10 years, 7 days

## Maybe...

the attached is what you want

If not you are going to have to explain your issue more clearly

 >
 >
 >
 >
 >
 > g := x -> piecewise(0 < x and x <= 10, x, 10 < x and x <= 20, -x+20);
 (1)
 >
 >
 (2)
 >
 >
 >
 >
 >
 > # # The following plots x-M*exp(-mu*x) for x=1. # Fot other values of 'x' change the final option # to x=2,2,-1, whatever #   plots:-pointplot( eval~(x-M*~exp(-mu*x), x=1));
 >

## Like this maybe...

Achieving the attached convinced me that all calculations should be done "unitless" - and (only if strictly necessary) should units be applied at the end!

I'm not even sure that it is "complete" becuase the units of the expression returned by dsolve() ought to be 'm', but the expression *appears* to be "unitless"

Anyhow, for what it is worth

 > restart; with(Units): assume(t>0);
 > T := 60*Unit('s'); mass := 80*Unit('kg'); b__1 := 13*Unit('kg')/Unit('s'); g := -9.81*Unit('m')/Unit('s')/Unit('s'); b := piecewise( 0 <= t*Unit('s') and t*Unit('s') < T,                 b__1,                 T<= t*Unit('s') and t*Unit('s') < infinity*Unit('s'),                 7*b__1               ); Acceleration := diff(h(t)*Unit('m'), t*Unit('s'), t*Unit('s')) = g - b*diff(h(t)*Unit('m'), t*Unit('s'))/mass; IC := h(0)*Unit('m') = 4000*Unit('m'),       D(h)(0)*Unit(('m')/('s')) = 0.1*Unit('m'/'s'); solution := dsolve({IC, Acceleration}, h(t));
 (1)
 > fsolve( rhs(solution), t); plot( rhs(solution),       t = 0 .. 150,       y = 0 .. 4100,       axis[2] = [gridlines = 30],       axis[1] = [gridlines = 20],       labels = ["t [s]", "h(t) [m]"],       labelfont = ["Times", 15],       color = "red", size = [1000, 1000]     )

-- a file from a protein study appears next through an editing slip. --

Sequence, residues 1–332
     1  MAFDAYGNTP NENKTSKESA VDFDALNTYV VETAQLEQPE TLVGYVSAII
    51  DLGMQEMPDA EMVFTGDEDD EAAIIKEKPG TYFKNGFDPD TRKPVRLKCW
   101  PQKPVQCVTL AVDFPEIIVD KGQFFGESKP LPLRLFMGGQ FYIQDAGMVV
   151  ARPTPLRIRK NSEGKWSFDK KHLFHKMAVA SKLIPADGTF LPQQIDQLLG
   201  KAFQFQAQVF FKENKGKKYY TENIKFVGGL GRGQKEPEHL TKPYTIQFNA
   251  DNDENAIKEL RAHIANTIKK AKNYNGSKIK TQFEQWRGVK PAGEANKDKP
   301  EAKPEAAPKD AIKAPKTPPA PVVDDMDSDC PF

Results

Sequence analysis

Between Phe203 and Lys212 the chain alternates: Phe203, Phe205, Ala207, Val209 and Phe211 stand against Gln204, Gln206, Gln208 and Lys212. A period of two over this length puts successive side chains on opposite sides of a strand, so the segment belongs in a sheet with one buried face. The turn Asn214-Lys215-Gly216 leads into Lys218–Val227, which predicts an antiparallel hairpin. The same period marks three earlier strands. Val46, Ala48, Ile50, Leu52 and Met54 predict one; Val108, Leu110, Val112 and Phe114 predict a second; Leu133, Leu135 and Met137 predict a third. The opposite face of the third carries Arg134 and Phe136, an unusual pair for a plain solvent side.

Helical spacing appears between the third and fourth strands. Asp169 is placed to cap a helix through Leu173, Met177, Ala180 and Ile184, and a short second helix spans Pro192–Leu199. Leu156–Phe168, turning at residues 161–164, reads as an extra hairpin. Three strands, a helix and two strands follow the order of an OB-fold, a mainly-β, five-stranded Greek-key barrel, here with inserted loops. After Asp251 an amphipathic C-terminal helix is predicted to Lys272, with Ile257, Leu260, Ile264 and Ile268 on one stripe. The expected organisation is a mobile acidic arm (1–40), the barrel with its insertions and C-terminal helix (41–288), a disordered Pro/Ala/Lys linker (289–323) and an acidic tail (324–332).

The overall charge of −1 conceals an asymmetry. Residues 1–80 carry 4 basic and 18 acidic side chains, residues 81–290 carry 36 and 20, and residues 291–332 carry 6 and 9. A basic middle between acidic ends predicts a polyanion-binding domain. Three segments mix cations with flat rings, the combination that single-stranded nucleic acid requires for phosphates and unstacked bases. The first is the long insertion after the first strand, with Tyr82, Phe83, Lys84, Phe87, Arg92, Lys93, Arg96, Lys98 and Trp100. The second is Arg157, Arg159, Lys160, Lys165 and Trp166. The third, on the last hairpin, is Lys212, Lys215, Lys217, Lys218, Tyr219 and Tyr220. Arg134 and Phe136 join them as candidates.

>

## A "slow" animation...

as in the attached. On this site, the animation appears to be runniing at 10 frames/sec (the default rate), but if you download the worksheet, you can use the worksheet animation toolbar to

1. set the update rate to 1 frame/sec
2. decide whether you wnat the animation to play a singel cycle or continuously
3. manuallly step frame-by-frame
 > restart;   rnge:=-1..1:   fcns:=[x, x^2, 1-x]:   plots:-display( [ seq                     ( plot                       ( fcns[j], x=rnge),                       j=1..3                     )                   ],                   insequence=true                 );
 >
 >

## Interesting problem...

One can use brute force, because it is relatively trivial to code, then check to see how bad timings get as the number of odd inputs and even addends is increased.

On my machine, the brute force approach in the attached produced the following approximate timings

#    Nodd    Neven      real time
#
#    100     100          15  msecs
#    100     1000        15  msecs
#    100     10000      15  msecs
#
#    1000    100          66  msecs